Computational Diffie Hellman problem wants to know $g^{ab}$ given $g^a$, $g^b$ and $g$ while the discrete logarithm problem wants to know $x$ from $g^x$ and $g$.

The latter resolvable in polynomial-time implies the former as well but a converse result is not known.

What are the consequences to cryptography if Diffie-Hellman is breakable but an algorithm for discrete logarithm is unclear?

  • $\begingroup$ What consequences do those have? Like signatures, authentication etc. What will not breaking discrete logarithm leave? $\endgroup$
    – Mr.
    Oct 10 '20 at 19:11
  • $\begingroup$ @kelalaka So you really do not need DL to not be in P for any application? $\endgroup$
    – Mr.
    Oct 10 '20 at 23:45
  • $\begingroup$ Yeah..... I thought there may be some applications where even if CDH turns to be easy will still be difficult as with the knowledge now. $\endgroup$
    – Mr.
    Oct 10 '20 at 23:52
  • $\begingroup$ Sorry that provides some algorithms for DL. $\endgroup$
    – Mr.
    Oct 10 '20 at 23:55
  • $\begingroup$ Sorry I dont understand what you are getting to. $\endgroup$
    – Mr.
    Oct 11 '20 at 0:01

There is a big question (that Meir Maor hints at) underlying your problem, namely:

Must the algorithm work for a fixed group, or any group?

Note that there exist groups for which DLOG (and things that reduce to DLOG) are easy, the most basic example is the group $(\mathbb{Z}/n\mathbb{Z}, +)$. Even among groups that have been used within cryptography, there are groups for which DLOG (and things that reduce to DLOG) are now much easier than we used to think they were --- specifically the group $(\mathbb{F}_{p^n}^\times, \times)$ for $p = O(1)$ admits quasi-polynomial time DLOG algorithms --- this paper shows expected time $(pn)^{2\log_2(n) + O(1)}$. This weakness isn't just theoretical, by far the largest DLOG computed was in $\mathbb{F}_{2^{30750}}^\times$.

Of course, this is all about the discrete logarithm problem. There are (in my eyes) two other natural questions:

  1. What if over arbitrary groups CDH is in $P$, but DLOG is not in $P$?
  2. What if for specific groups of cryptographic interest CDH is in $P$, but DLOG is not in $P$?

For the first problem, this is unlikely to happen. This is because in the Algebraic group model the problems are equivalent. This model restricts computations somewhat (the DLOG algorithm for $\mathbb{F}_{2^{30750}}^\times$ is not expressible within it), but the restriction is somewhat natural --- computations are seen as a (linear) sequence of steps, and any group elements used in step $i$ must be explicitly computed from group elements used in prior steps. There are some nuances here I am not entirely familiar with [1], but the point of the model is to capture algorithms that only use the "public API" of the group, instead of specific details about the structure of the group.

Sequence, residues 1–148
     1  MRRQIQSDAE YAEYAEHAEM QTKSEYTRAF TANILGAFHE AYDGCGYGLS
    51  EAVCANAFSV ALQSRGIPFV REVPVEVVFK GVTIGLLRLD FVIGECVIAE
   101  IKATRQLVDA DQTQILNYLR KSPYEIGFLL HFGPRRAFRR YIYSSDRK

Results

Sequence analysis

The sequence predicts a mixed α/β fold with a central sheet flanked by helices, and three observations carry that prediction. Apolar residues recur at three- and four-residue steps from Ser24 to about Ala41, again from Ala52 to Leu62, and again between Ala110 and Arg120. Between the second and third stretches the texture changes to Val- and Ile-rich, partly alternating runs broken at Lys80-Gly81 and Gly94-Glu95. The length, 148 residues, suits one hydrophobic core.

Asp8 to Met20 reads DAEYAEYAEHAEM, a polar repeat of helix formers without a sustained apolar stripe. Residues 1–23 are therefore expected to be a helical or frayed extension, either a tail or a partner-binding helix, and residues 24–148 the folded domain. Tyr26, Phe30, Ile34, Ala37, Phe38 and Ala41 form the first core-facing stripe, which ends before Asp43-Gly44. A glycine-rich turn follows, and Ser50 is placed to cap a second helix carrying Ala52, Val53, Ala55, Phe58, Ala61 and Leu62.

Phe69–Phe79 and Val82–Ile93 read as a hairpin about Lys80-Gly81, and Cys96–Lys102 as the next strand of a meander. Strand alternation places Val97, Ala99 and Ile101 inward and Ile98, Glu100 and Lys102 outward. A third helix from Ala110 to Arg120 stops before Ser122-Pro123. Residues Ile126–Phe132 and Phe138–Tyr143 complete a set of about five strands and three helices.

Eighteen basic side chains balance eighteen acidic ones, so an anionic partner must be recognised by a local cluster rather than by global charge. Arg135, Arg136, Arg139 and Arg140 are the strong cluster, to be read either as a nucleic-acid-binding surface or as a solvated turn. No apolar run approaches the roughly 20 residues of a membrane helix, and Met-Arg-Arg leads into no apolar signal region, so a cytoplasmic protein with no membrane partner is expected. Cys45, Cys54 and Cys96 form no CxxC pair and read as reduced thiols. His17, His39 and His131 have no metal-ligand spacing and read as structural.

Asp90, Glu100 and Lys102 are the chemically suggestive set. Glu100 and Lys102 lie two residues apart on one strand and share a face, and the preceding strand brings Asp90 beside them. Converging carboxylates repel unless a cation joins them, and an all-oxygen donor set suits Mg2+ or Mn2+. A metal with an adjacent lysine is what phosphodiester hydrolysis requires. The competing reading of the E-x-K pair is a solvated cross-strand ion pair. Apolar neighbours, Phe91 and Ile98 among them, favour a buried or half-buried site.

This means that if DLOG and CDH are not equivalent for general groups, the model is quite flawed in capturing the "public API" part of group-theoretic computations, which is perhaps not obvious (to me at least) from examining the model.

For the second problem, this is also not likely to happen (but for other reasons). Specifically, the two problems are known to be non-uniformly equivalent to eachother over arbitrary cyclic groups. See my prior answer for details.

Neither of these two points absolutely rules out a separation between CDH and DLOG, but both provide some formal evidence that such a separation is unlikely to happen.

[1] Specifically, what group elements do you start with? The group identity seems natural, but discussion at the bottom of page 7 sounds like you get random oracle queries too. Is there anything else?


There are very few consequences. In fact it is fairly likely Discrete logarithm is in P, or at least it is not likely to be NP hard. Discrete logarithm is random self reducible which is one of the reasons we like it. A random instance is as hard as the worst case.

Sadly the existence of an NP-Hard random self reducible problem implies the collapse of the polynomial heirarchy and this is believed not to be the case.

So despite having convincing arguments that Diffi Helman is not "Hard" we still use it. Since we know of no efficient algorithm to break it and we have been looking hard for a while, that's really as good as you get in cryptography.

Note we can rank possible events:

  1. Proof DH is in P
  2. Demonstrate a Polynomial time algorithm for DH
  3. An efficient algorithm capeable of breaking common schemes.

The first will make a stir in academic community but won't actually surprise anyone. The second may cause frantic replacement of DH based algorithms which are everywhere. The third will break the internet.

Also impact will be different for a general solution over any Field/Ring or e.g only for Zp.

  • $\begingroup$ "it is fairly likely Discrete logarithm is in P"; the only reasoning given is that it's not likely to be NP-hard (which I would agree with); however it is known (assuming P$\ne$NP) that there are NP problems that are neither P nor NP-complete. Given that in the generic group model, discrete log probably takes exponential time; however for DLog to be in P, that implies that all groups must have a weakness that allows for a polynomial attack - while not impossible, that would certainly surprise me... $\endgroup$
    – poncho
    Jun 30 at 21:32

Your Answer

By clicking “Post Your Answer”, you agree to our terms of service, privacy policy and cookie policy

Not the answer you're looking for? Browse other questions tagged or ask your own question.